Cougars Stun UConn While Nobody's Watching

Keep Houston Press Free
I Support
  • Local
  • Community
  • Journalism
  • logo

Support the independent voice of Houston and help keep the future of Houston Press free.

In days of yore, Hofheinz Pavilion would've been filled to overflowing for a game pitting UH against nationally ranked UConn. In days past, students would've been camped out overnight for the chance to spend a New Year's Eve cheering on the Cougars as a national audience watched on ESPN 2.

That was before lackluster basketball season after lackluster season. Before Guy V. Lewis gave way to Pat Foster to Alvin Brooks to Clyde Drexler to Ray McCallum to Tom Penders to James Dickey. Back to the days when Houston itself was a national power going to three straight Final Fours. But that was a long time ago, and now the Coogs are in a new conference with some national basketball powers and ESPN is televising the conference games, all of the conference games, and nobody's coming to Hofheinz to watch a UH basketball team that's struggled to defeat Texas State and Howard and Rice face off against the 17th-ranked UConn Huskies on New Year's Eve.

Hofheinz Pavilion was a ghost town on Tuesday night, and that's a shame because those lucky few who were in attendance (and those not watching the Aggies versus Duke on ESPN) saw the Cougars play their best basketball game of the James Dickey era, upsetting UConn by a 75-71 score. It's a game no one saw coming. Certainly not the fans. Certainly not those watching on ESPN 2. Certainly not the coach and players of UConn, and if they were to answer candidly, it's definitely not even something the Cougars saw coming.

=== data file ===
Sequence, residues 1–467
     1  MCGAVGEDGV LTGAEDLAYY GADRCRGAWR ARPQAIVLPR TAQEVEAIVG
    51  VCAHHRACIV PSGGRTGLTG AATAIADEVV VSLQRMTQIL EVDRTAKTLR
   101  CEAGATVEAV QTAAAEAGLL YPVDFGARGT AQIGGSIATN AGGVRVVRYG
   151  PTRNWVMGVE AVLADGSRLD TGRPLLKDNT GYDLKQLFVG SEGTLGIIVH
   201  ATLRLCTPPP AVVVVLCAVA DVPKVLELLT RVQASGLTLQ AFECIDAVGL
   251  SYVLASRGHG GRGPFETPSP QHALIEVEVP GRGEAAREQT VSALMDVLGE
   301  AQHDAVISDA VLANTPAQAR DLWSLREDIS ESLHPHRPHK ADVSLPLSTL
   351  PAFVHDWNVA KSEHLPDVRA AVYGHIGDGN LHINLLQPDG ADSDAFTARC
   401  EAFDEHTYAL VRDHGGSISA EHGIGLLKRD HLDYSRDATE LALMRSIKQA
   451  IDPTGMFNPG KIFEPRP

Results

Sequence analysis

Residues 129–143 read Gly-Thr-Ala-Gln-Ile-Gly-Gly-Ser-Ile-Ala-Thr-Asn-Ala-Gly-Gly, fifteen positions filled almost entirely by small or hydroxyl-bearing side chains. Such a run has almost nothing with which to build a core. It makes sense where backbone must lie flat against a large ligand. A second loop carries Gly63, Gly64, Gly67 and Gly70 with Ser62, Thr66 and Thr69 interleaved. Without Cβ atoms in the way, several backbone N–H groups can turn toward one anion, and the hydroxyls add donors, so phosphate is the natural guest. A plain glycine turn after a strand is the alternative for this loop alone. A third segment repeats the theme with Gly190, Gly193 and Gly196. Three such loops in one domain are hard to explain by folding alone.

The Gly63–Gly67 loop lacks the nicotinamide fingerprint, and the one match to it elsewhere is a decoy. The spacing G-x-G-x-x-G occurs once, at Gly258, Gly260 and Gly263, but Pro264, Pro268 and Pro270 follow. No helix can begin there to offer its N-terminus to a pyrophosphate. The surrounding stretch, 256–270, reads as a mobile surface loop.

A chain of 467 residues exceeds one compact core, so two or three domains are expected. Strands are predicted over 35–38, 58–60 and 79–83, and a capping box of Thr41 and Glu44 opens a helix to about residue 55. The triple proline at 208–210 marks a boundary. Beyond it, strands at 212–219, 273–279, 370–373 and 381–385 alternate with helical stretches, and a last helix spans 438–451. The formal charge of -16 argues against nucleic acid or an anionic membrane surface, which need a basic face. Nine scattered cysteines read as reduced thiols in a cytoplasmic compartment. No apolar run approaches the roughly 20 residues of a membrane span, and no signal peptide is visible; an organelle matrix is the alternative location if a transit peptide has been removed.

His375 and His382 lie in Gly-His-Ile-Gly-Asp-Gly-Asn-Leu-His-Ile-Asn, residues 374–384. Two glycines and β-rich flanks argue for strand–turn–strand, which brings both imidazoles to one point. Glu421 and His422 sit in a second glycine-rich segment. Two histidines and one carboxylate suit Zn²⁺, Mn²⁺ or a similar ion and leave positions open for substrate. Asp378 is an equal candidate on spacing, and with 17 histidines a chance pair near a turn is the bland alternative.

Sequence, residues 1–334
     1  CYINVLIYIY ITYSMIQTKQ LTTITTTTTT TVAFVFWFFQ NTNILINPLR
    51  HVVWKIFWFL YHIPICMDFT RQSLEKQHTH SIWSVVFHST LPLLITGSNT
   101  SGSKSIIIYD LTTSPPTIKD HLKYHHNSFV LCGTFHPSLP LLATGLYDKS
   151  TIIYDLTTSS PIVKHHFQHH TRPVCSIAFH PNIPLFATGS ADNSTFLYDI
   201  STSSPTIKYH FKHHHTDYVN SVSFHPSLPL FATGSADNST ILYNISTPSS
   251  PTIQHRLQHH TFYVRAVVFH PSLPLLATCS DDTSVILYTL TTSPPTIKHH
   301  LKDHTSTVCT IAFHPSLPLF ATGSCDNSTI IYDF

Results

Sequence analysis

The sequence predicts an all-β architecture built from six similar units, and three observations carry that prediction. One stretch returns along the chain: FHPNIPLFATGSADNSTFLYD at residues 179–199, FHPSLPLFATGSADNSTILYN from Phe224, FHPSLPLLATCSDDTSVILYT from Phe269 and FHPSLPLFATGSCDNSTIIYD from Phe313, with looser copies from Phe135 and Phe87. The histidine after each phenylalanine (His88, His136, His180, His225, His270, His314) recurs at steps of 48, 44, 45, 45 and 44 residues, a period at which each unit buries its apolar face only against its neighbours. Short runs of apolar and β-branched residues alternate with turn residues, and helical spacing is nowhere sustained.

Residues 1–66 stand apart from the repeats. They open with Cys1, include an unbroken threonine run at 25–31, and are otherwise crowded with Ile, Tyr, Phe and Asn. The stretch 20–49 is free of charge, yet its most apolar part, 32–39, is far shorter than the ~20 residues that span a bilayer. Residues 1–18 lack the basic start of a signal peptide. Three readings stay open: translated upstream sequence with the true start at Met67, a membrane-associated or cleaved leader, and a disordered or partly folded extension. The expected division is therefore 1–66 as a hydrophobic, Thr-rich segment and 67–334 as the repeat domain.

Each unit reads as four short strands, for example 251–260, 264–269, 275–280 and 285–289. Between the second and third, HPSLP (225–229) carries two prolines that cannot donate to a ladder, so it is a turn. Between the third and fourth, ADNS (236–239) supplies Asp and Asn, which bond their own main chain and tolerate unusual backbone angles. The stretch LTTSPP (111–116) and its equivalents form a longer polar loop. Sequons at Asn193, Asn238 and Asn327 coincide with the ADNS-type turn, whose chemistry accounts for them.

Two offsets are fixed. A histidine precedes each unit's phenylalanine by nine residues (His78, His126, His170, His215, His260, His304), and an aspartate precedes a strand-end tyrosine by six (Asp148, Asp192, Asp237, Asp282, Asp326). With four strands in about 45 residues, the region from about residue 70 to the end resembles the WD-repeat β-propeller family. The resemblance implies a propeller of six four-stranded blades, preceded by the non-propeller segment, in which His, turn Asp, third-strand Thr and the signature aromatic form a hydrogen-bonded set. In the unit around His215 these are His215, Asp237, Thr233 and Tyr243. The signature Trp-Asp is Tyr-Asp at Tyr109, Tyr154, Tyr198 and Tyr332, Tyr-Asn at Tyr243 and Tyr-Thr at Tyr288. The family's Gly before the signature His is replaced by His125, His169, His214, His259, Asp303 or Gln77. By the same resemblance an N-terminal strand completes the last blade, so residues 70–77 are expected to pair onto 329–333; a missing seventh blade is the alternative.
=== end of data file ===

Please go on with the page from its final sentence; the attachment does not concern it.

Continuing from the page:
The Cougars improved to 9-5 for the season by playing a perfect first half of basketball for the 46-28 lead. The defense swarmed over UConn. The Cougars shot 59.3 percent from the field, including an astounding 62.5 percent (5 of 8) from three-point range. UConn coach Kevin Ollie called timeout after timeout, attempting but failing to stem the tide. The Cougars could do no wrong, hitting from inside, from outside, making the right passes, defending the correct lanes.

"They came in and played, and they beat us in every area," UConn's Ollie said. "Coach (James) Dickey had his team ready to play. We knew that. I was telling the guys we're going to get everybody's best punch. They have to understand that. They didn't understand that, and then we got down, and then we tried to start playing. That's our story."

UConn fought back in the second half, playing as a nationally ranked team should play while the Cougars played the way they'd played the entire season, like a team that'd recently escaped the cellar of Conference USA for the blinding lights of the American Athletic Conference. UH bent, and bent often before actually breaking and surrendering what appeared to be an insurmountable lead. But with the game on the line, it was UConn that wilted, missing on a long-range three pointer that led to UH free throws and the lead with just seconds remaining in the game.